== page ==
Getting a handle on 'advance directives'
The opinion of the Italian National Bioethics Committee on Advance
Directives concerning Treatment has now been published after lengthy
preparatory work. It has at last clarified a problem that has been the
subject of a far-reaching debate for years and whose scope has not
always been clear.
In particular, the document provides clear indications not only to
health-care workers, rightly concerned with their own professional
responsibilities, but also to public opinion, split between the equally
just anxiety to avoid on the one hand the dangerous aberration towards
euthanasia and, on the other, aggressive medical treatment, while
safeguarding the bioethical and juridical principle of informed consent
to medical treatment.
This document treats a problem that can arise: whether a person
should express in advance one's own wishes regarding unwanted treatment,
in the case of no longer being able to express informed consent due to
illness or injury.
This is an extremely sensitive problem. The National Bioethics
Committee offers criteria for its interpretation and evaluation, as well
as valuable, balanced and practical recommendations.
For an adequate assessment of opinion, two points must be considered.
The first concerns new features of the problem under examination,
They justify and indeed require direct intervention in order to guide
medical practice according to ethics and the law.
The new features stem primarily from the gradual adaptation of
medical interventions to the model of "informed consent" regarding
This model expresses greater sensitivity to respect for the dignity
of the person, who is actively involved in his or her own treatment. It
has been confirmed in constitution
al, supranational and international measures, sanctioning the principle
of therapeutic freedom.
The newness of the problem, however, also stems from the fact that
medical progress, in treatment and in diagnosis, is giving rise to even
broader medical options which have both positive and negative
Consequently, a doctor cannot be left solely responsible for choosing
treatment. In the face of a wide range of possible treatments for the
same illness, for example, the decision might be not to choose the most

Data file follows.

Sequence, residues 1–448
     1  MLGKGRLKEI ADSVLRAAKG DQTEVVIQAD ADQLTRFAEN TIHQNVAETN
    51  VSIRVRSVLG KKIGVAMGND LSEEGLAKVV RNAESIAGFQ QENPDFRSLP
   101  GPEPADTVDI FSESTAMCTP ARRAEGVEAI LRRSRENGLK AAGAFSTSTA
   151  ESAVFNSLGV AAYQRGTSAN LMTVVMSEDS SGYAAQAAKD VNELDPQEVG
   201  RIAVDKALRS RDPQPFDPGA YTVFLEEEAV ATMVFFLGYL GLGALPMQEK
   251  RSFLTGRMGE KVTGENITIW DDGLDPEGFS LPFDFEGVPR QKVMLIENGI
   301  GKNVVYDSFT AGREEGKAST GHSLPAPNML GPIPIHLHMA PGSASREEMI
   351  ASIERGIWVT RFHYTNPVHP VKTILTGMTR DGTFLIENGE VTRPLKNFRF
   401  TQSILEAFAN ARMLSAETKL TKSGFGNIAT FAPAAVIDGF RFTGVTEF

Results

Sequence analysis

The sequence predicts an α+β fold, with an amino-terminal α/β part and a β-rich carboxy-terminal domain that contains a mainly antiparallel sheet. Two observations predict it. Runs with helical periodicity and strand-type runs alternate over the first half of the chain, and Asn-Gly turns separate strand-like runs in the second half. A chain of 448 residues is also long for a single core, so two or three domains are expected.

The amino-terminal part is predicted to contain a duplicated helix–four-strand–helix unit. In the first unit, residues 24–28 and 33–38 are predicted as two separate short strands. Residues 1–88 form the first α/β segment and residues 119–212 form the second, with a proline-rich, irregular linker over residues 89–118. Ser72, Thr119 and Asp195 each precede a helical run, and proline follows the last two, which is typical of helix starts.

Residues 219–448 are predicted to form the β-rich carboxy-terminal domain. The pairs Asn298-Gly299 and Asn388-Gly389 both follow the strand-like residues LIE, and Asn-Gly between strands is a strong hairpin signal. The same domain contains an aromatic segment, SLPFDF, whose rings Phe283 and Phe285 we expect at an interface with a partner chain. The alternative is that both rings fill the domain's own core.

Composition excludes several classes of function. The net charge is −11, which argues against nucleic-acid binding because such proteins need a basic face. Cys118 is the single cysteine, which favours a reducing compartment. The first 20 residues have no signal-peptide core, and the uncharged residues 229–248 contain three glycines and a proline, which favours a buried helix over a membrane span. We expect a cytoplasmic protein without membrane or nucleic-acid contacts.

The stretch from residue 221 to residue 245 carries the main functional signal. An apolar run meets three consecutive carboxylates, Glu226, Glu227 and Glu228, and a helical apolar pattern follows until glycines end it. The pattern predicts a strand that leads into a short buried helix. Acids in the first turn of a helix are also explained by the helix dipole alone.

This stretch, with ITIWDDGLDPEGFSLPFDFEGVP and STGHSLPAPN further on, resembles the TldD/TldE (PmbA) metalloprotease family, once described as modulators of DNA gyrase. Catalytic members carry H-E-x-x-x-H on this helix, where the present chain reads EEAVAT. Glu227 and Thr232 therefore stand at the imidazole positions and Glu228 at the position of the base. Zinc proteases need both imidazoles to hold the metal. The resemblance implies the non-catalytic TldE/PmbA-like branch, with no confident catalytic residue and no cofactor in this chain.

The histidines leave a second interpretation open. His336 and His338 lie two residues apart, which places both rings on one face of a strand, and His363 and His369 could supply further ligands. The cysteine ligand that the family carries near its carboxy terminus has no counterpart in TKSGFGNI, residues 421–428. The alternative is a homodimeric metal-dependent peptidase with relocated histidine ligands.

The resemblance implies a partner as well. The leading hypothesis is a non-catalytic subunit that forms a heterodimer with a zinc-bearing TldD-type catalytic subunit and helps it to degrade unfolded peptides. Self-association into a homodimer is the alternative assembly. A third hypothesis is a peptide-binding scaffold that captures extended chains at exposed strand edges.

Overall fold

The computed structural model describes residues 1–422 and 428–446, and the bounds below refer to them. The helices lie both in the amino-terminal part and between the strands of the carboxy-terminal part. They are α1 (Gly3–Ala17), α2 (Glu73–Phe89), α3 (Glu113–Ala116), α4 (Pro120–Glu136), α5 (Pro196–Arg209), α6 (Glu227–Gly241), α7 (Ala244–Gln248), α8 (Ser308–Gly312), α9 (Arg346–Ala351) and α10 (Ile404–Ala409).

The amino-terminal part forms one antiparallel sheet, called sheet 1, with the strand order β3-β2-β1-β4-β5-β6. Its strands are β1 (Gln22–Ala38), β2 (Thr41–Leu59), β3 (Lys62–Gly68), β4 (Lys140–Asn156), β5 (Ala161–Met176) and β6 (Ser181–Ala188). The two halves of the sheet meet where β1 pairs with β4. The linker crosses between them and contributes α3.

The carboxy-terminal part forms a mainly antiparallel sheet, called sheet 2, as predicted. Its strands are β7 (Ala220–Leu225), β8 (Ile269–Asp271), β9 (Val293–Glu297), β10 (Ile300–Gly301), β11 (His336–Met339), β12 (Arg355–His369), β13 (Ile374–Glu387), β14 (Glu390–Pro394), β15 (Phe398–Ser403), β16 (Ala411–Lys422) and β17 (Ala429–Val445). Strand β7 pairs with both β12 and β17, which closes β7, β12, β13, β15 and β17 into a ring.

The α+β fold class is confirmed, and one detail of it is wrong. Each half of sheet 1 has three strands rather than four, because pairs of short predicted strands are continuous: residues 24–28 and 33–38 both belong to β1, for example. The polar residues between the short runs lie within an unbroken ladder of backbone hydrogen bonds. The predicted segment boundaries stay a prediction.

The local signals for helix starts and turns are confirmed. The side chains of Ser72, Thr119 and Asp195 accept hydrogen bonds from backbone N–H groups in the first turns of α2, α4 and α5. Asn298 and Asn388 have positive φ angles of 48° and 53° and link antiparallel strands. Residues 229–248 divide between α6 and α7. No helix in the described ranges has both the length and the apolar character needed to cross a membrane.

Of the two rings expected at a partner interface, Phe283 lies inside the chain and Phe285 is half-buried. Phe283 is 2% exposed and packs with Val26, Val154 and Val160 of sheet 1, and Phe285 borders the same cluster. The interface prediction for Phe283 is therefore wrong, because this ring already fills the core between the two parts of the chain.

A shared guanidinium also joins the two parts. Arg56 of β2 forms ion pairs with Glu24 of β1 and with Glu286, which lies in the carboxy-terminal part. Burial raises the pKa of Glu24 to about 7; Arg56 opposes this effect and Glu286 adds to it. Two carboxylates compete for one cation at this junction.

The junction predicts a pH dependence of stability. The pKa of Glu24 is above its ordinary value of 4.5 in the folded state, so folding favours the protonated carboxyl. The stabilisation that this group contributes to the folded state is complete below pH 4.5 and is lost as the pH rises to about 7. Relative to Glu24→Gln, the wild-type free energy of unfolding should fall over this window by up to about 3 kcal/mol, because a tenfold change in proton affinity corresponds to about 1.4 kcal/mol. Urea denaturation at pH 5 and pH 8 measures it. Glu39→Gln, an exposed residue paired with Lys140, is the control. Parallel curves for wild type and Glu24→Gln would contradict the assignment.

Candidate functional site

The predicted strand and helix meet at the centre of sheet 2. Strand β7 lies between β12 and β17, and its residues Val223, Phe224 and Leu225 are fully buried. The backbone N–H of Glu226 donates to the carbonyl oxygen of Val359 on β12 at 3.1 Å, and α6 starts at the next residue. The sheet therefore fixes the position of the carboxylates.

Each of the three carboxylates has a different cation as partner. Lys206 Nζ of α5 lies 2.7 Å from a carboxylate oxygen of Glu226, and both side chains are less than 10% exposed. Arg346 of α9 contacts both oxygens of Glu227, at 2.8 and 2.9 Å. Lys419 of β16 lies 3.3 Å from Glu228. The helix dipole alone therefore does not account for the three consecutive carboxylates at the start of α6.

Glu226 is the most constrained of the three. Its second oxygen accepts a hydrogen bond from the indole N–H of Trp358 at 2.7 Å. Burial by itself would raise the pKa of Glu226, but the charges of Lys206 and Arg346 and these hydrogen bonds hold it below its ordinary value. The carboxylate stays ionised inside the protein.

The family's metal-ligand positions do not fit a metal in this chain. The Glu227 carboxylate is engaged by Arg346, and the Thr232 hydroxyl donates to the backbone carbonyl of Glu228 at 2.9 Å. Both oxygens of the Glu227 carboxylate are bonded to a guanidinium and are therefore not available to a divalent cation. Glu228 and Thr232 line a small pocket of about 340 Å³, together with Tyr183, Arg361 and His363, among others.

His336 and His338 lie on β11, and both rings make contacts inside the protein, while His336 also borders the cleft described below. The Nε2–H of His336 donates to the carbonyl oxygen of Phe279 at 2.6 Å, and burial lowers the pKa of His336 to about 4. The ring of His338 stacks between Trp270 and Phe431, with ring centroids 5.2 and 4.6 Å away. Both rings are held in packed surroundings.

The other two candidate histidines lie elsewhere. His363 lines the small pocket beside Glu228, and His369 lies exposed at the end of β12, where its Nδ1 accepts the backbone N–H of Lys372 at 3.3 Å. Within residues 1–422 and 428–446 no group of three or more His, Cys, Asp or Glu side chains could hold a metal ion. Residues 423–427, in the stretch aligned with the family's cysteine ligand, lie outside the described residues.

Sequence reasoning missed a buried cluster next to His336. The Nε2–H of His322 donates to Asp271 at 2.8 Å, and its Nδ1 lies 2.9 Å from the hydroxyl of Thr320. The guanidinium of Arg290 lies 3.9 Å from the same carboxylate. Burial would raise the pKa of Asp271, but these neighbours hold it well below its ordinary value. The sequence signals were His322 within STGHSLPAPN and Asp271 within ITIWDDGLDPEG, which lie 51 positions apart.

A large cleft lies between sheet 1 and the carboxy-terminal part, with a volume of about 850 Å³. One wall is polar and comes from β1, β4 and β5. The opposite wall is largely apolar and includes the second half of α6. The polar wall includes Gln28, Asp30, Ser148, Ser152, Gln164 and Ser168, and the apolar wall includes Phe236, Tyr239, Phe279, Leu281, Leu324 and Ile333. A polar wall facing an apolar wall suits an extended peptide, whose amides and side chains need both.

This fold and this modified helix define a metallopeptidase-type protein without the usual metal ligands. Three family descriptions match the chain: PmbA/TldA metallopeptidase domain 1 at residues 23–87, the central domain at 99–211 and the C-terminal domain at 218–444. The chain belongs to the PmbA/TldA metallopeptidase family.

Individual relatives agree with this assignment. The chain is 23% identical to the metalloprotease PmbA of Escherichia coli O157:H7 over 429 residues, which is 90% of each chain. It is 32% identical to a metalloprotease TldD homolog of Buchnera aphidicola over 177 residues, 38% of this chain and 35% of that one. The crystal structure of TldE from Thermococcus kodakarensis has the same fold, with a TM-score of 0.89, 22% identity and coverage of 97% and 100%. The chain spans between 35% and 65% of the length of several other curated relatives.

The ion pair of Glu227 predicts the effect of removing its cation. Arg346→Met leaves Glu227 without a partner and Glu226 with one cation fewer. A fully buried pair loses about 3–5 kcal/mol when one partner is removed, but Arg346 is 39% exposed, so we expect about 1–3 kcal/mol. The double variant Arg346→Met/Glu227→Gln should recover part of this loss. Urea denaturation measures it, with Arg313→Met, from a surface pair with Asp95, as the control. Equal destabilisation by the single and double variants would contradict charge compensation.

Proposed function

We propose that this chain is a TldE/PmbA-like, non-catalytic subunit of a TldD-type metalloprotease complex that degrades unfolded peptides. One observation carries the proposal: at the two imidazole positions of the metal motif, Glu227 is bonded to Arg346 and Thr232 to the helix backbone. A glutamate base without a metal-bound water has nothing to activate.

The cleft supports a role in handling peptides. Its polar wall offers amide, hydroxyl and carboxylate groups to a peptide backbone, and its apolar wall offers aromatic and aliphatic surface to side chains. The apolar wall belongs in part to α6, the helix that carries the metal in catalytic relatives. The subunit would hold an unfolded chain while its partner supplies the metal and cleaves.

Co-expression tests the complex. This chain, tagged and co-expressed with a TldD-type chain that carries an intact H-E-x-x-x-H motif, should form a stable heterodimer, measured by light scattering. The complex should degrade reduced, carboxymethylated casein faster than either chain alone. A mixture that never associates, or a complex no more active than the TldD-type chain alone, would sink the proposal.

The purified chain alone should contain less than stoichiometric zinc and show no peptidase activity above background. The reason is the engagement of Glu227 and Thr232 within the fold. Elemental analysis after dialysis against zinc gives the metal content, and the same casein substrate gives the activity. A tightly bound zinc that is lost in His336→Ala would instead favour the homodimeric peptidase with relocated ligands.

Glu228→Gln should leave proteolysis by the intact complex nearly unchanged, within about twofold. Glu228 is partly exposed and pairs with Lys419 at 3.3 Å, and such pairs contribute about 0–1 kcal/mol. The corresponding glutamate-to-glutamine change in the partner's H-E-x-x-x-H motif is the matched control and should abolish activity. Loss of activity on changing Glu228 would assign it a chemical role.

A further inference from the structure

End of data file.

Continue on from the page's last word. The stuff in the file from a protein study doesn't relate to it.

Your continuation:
expensive treatment which could reduce the patient's family to dire
want, or a treatment that is contradictory to personal religious belief
or which is most painful or invasive.
Purpose of advance directives
Among the innovations, the vast array of today's medical
possibilities should also be recalled. These include, for example, in
the realm of intensive care, the possibility of keeping an unconscious
person alive for a long time, with the advantage of potential recovery
but the risk of aggressive medical treatment.
The second consideration concerns the fact that, if properly
understood, advance directives for treatment have nothing to do with
euthanasia, whether active or even passive. Indeed, such directives aim
at making possible a personal relationship between doctor and patient in
an exceptional situation.
In short, in the dramatic situation of an individual incapable of
making decisions, an advance directive attempts to guarantee the role
normally carried out through informed dialogue between patient and
physician, aiming to ensure that the patient's true interests, overall
health and well-being prevail.
As the document of the Italian National Bioethics Committee clearly
states, the purpose of advance directives is to overcome "the isolation
of those who cannot express themselves and the loneliness of those who
Therefore, the National Bioethics Committee expresses the opinion
that advance directives for treatment are legitimate when they comply
with specific subjective and objective requirements that must exist
First, from the subjective viewpoint, an inviolable condition is that
such directives can only be drafted by persons who have come of age.